Friday, November 04, 2005
Card Cartels Feel Tremors (CFO | Magazine)
As other countries curb payments system abuses, our policy in this area looks more in need of an overhaul
By Peter Mair - CFO MAGAZINE. November, 2005
The way the credit card game is played is about to change globally. Various initiatives, internationally, are building a consensus that will disrupt the dominant card cartels and allow fairer, more efficient retail payment systems to flourish.
In Britain, the Office of Fair Trading (OFT) has decided that a collective agreement between banks on interchange fees for credit card transactions is contrary to competition policy. Specifically, the OFT said the agreement was being used to recover "extraneous costs" - for providing interest-free credit - not necessary to making credit card transactions.
Excluding any "cost" for interest-free credit from permissible interchange fees would be an important step: most likely, credit cards would then be displaced by debit cards (albeit with a fully priced line of credit attached).
This decision, the same as that initially proposed by our Reserve Bank of Australia (RBA) in December 2001, suggests the RBA was ill-advised a few months later when it changed its stance to let banks factor into credit card interchange fees an unnecessary cost for providing free credit. The consequences of that policy reversal reverberate still, including the present challenge by retailers in the federal court to the RBA plan to substantially cut interchange fees for Eftpos transactions.
In the United States, national retailer groups are taking anti-trust action against banks in credit card cartels: the provocative flavour of this initiative can be savoured at WayTooHigh.com. Not surprisingly, the subtext of this lawsuit mirrors references in the OFT decision to "unduly high interchange fees for credit card transactions acting as a tax on retail transactions".
It remains to be seen whether this initiative of US retailers is more political than practical: a successful anti-trust action in the US against the major credit card schemes would, however, be universally acclaimed.
Responsibility for the efficient and fair conduct of retail payment systems in the US has not yet been given to any regulatory agency. There are glimmers of hope in the current raft of Federal Reserve System conferences reviewing the role of credit card schemes and regulatory policy options. It can be an interesting portent when bureaucratic agencies involve international experts in debates that may translate to regulatory initiatives.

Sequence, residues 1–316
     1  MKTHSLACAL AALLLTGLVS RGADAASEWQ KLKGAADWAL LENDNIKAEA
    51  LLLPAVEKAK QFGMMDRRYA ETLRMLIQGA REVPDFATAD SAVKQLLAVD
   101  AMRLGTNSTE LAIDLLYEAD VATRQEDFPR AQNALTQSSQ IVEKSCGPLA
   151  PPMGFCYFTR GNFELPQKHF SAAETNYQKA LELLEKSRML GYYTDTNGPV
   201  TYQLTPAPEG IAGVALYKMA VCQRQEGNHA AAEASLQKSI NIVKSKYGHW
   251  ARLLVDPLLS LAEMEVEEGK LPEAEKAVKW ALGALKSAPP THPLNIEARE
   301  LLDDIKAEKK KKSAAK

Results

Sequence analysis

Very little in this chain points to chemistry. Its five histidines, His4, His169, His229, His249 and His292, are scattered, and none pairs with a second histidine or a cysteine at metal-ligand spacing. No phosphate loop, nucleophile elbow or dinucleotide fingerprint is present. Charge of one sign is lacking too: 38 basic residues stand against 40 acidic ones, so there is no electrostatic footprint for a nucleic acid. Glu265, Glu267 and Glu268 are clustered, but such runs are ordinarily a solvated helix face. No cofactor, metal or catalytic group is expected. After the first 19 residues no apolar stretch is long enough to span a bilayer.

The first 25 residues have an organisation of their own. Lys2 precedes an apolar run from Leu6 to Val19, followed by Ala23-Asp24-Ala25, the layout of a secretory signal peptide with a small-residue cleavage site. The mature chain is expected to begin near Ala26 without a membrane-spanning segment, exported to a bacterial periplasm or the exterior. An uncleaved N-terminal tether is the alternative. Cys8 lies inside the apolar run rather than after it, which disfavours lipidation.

As suggested earlier*, the efficiency of retail payment systems globally will be enhanced once the US puts its arrangements in better order.
Beyond our usual reference group of countries, Norway is a leader in building understanding of the economics of retail payments systems and their regulation. In its recent report on payments, the Bank of Norway says a project group is considering whether there is too little competition between international card systems in Norway.
This report foreshadows regulating interchange fees, if competition for the business of acquiring card transactions does not improve, and allowing retailers to surcharge credit card transactions. Credit card usage in Norway is typically incidental to tourism, and the significance of all this may be more about ensuring that card usage remains "minimal". None the less, if a clear statement of the problems with card cartels is posted on the global village notice board by the Bank of Norway, it will be widely appreciated and respected.
Overlaying particular initiatives, the Committee on Payment Systems of the Bank for International Settlements (BIS) is now finalising a report offering general guidance for payment system development**. The BIS proposes a change from the typical situation in which national policy authorities accommodate the debilitating monopolisation that usually passes for the organisation of retail banking and payments, including in Australia. This BIS report begs tough questions of many advanced countries with much policy work to do if these BIS guidelines are taken to heart.
This report is forthright about payment industry structures. The "my way or no way" attitudes of credit-card scheme operators no longer wash. These organisations would be reformed, with open memberships conducive to operational transparency and effective competition and with customers more likely to be paying, explicitly, prices that reflect the cost of providing the payments services they use (but not extraneous costs).
The RBA, has foreshadowed "governance" reforms for Australia's retail payments system*** - laudable aims for a framework better suited to innovation and change, still with incentives to invest and co-operate, but presumably eschewing the typical, exploitative price-fixing.
This hopeful prospect does not, however, reflect in the newly released annual reports of either the Australian Payments Clearing Association, the industry body whose selfless co-operation would be required, or the RBA's own Payments System Board.
Converting good intentions to effective action seems likely to again elude the RBA - and "no one" is yet acknowledging possible implications for Australian policy of either the OFT decision or the proposed BIS guidelines. The situation is unstable.
[source: CFO Magazine]
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